2. Identify 5-10 criteria for making a decision. In complex decisions, there are so many factors to consider. Identifying each of these criteria will help you break down the pieces so that you can dissect and analyze in unemotional, methodical and rational ways.
  3. Decide how important each of these criteria are to you personally. Assign each criteria a percentage of importance and make sure that the sum of the percentages equal 100%. It’s important to understand how you personally weigh in on the importance of each criteria before looking at the individual options, before looking at what other people think about the importance of each criteria.
  4.  Then consider *why* each criteria is important to you, and factor in how important each criteria is to other important people in your life. Adjust the percentages based on the reasoning behind your thinking and how important the criteria is for others in your life. Also consider the short-term and long-term importance of the criteria and adjust the percentages as necessary.
  5.  Rank your criteria based on how important each is to you. Do a gut-check to make sure that your prioritized list correctly reflects your thinking. Adjust as necessary.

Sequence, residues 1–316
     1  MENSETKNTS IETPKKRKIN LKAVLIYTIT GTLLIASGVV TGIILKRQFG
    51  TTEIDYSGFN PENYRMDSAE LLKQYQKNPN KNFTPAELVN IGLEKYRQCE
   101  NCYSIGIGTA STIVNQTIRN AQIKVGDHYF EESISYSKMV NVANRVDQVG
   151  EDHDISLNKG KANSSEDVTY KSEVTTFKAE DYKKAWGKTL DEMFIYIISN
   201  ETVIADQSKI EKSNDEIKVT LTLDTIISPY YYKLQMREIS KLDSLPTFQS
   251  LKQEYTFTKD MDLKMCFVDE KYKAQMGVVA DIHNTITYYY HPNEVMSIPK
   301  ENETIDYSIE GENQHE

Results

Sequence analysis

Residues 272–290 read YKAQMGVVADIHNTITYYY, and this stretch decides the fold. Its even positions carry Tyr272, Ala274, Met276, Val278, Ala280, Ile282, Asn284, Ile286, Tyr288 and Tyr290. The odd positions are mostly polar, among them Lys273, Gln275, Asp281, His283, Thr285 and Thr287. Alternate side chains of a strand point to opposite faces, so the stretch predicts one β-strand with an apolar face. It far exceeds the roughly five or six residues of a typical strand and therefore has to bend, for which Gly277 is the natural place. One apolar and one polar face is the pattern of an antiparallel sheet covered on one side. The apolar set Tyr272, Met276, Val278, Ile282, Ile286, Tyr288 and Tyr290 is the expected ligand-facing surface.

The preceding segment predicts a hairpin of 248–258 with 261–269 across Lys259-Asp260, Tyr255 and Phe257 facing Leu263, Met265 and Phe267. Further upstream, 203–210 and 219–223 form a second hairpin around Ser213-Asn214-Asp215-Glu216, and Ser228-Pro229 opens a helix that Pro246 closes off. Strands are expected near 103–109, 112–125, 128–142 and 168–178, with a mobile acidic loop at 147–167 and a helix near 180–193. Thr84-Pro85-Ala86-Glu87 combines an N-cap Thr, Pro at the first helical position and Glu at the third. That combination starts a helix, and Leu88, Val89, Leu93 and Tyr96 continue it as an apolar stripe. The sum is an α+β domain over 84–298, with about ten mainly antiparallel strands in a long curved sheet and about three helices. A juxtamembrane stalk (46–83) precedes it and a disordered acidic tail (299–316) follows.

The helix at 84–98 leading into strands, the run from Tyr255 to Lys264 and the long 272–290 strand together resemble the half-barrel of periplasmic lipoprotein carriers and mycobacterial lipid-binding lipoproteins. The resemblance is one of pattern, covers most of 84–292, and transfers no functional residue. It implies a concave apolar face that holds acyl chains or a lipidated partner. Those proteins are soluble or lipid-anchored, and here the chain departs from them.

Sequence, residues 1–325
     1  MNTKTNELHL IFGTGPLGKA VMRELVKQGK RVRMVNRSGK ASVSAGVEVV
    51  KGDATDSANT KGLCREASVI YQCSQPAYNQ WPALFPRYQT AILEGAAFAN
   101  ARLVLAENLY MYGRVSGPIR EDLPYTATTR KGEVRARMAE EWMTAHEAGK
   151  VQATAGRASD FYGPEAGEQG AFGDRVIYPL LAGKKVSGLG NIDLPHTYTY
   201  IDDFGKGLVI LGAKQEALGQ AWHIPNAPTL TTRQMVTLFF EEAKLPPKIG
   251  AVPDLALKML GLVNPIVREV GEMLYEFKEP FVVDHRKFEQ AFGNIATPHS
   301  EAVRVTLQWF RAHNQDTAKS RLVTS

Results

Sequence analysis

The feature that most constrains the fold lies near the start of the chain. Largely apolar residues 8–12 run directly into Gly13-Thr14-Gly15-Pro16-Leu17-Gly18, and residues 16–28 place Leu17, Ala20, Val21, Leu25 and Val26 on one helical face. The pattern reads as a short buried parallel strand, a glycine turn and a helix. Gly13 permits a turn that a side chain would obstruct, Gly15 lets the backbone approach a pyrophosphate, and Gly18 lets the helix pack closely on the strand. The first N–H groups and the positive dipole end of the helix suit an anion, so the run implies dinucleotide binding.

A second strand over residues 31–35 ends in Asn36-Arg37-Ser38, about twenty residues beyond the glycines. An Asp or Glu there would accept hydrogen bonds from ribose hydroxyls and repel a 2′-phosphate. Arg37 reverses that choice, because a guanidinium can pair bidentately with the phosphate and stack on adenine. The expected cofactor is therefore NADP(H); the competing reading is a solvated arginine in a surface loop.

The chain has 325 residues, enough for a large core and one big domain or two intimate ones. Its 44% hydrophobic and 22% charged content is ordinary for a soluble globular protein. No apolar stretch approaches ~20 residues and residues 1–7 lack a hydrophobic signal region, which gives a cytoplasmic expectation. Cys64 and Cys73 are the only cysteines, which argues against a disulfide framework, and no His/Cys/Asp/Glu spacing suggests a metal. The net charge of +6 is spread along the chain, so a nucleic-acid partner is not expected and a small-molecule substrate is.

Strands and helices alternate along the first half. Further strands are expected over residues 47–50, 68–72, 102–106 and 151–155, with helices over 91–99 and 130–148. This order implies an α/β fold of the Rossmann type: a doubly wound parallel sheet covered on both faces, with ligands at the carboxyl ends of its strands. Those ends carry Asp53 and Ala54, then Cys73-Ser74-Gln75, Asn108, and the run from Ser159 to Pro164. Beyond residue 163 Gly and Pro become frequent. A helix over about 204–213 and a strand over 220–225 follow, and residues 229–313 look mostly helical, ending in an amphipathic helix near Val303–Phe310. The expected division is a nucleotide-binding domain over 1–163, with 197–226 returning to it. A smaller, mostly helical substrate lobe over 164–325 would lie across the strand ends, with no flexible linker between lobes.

6. Add 2-4 options that you are considering.
  7. Stack-rank how well each option does compared to the other options for the 3-5 most important criteria. Do a gut-check to make sure that the information is  correct.
  8. Add a new option that you were not considering, but could be an opportunity for you.
  9. Use the chart to decide what to do. Consider questions such as: Which option looks best? Which option do you prefer? What do you need to negotiate to make your favorite option also the best option?
  10. Make a selection and move forward based on the many factors you’ve considered. Stand strong in your decision knowing the data and thinking behind that decision is solid. But also be prepared to re-think your choice if things change.

Best of luck with your decision-making! Let us know your best practice for making decisions and/or how this process helped you make a tough decision. We are also happy to share some thoughts about common decisions people make: job selection, car selection, college selection, candidate selection, etc.,